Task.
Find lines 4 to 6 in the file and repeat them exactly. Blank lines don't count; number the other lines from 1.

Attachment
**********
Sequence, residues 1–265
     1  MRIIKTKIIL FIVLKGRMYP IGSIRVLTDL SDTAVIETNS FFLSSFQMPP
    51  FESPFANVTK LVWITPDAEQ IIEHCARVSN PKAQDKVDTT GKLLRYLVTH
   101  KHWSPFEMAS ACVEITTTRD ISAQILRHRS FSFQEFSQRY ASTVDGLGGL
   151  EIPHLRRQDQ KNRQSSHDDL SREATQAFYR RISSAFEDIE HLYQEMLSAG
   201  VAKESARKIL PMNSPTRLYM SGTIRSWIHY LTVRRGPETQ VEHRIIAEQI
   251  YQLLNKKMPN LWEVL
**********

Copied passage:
   101  KHWSPFEMAS ACVEITTTRD ISAQILRHRS FSFQEFSQRY ASTVDGLGGL
   151  EIPHLRRQDQ KNRQSSHDDL SREATQAFYR RISSAFEDIE HLYQEMLSAG
   201  VAKESARKIL PMNSPTRLYM SGTIRSWIHY LTVRRGPETQ VEHRIIAEQI